Sinquefield Cup 2017: An epic chess battle and a “Puzzle” (?)

Sinquefield Cup 2017 is progressing well and taking interesting twists and turns! Here is an analysis video of an epic chess battle between Magnus Carlsen and Maxime Vachier-Lagrave (aka MVL).


The game was equal for most of the part, and yet ultimately Carlsen ended up losing it! Check subtle traps and strategies explained by GM Jan Gustafsson


Interestingly MVL was a second (teammate, helper, practice partner) to Magnus Carlsen!


Here is some food for thought – a sort of puzzle. Below is a photo of score-sheets of game between Peter Svidler and Vishwanathan Anand in Round 2. One is written by Svidler and the other of course is written by Anand.


Can you figure out who has written which one?


You just need to know basics of chess score-sheet and how a game/tournament happens. You can guess the answer based on some close investigation and logical deduction. Of course, you can nail the answer if you know more details about chess notation.


Interestingly, you can also guess the answer if you know Anand’s personality and something about Handwriting Analysis.

OK, so here’s the answer.


The left one is written by Peter Svidler and the right one (neat and clean) is written by Vishy Anand.


Here are three reasons:

  1. When you play a game and write a score-sheet; and when the game ends you sign at the bottom against your side (color). Anand played with black and would have signed on right hand side (in both score-sheets). So having his sign on  right hand side doesn’t say much. However, what says a lot, is the fact that he would have signed first on his own score-sheet and then exchanged with Svidler (that is how it happens in an actual game). So you can see the Anand must have written the score-sheet on right hand side, signed it immediately. (hence his sign is immediately below the last move, and Svidler’s is below, on left hand side). Similarly Svidler would have signed immediately below the last move in left hand side score-sheet and then handed over to Anand who had to sign below Svilder’s.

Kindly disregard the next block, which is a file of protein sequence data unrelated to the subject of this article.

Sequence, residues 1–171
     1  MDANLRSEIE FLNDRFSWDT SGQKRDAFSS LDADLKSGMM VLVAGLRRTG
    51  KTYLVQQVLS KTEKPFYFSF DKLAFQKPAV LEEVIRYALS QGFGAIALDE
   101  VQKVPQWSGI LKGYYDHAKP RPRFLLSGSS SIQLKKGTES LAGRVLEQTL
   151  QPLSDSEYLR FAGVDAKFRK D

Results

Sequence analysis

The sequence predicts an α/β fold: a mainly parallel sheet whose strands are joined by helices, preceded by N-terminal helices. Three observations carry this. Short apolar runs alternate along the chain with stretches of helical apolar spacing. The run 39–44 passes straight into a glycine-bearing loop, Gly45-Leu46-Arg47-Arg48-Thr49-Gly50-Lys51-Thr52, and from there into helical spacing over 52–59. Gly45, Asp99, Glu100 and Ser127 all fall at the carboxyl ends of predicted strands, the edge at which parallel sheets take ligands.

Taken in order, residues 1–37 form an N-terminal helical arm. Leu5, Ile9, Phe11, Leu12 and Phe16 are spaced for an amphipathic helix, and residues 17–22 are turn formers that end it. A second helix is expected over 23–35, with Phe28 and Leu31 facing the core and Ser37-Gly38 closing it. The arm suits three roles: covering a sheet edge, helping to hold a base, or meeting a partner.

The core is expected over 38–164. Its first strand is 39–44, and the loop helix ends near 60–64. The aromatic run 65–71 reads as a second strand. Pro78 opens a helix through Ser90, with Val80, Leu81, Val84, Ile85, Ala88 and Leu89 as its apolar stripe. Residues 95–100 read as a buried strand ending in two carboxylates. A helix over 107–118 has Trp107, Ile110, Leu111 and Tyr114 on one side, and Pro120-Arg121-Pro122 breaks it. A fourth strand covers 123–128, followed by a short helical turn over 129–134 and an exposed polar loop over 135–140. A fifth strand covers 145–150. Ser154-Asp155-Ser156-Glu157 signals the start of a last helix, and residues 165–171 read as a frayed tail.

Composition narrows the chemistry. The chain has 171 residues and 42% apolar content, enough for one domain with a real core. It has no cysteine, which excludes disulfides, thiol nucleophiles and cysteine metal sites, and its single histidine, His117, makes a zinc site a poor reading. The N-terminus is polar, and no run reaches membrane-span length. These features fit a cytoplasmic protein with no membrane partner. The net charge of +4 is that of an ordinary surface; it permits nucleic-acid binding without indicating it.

2. Svidler (left hand side score-sheet) has used Russian style of old notation. Instead of “c2” he wrote “c2-c4”. Similarly he used K for Knight instead of N that is the standard modern notation. Anand (right hand side score sheet), on the other hand has used the modern notation (he wouldn’t use Russian-style notation)
  3. Third and last argument is more based on handwriting analysis/ psychology and is not a strong reason. Anand is very organized and well articulated and thoughtful person. You would expect his handwriting to be neat and clean and not messy like the one on left hand side. The left hand side writing is all over the place; it’s messy and cluttered. Look at the signature. It signature spreads and spills over way far into the other column. Knowing Anand’s personality, you would not expect this kind of handwriting. Of course this is just a hypothesis. But in this case it holds true!


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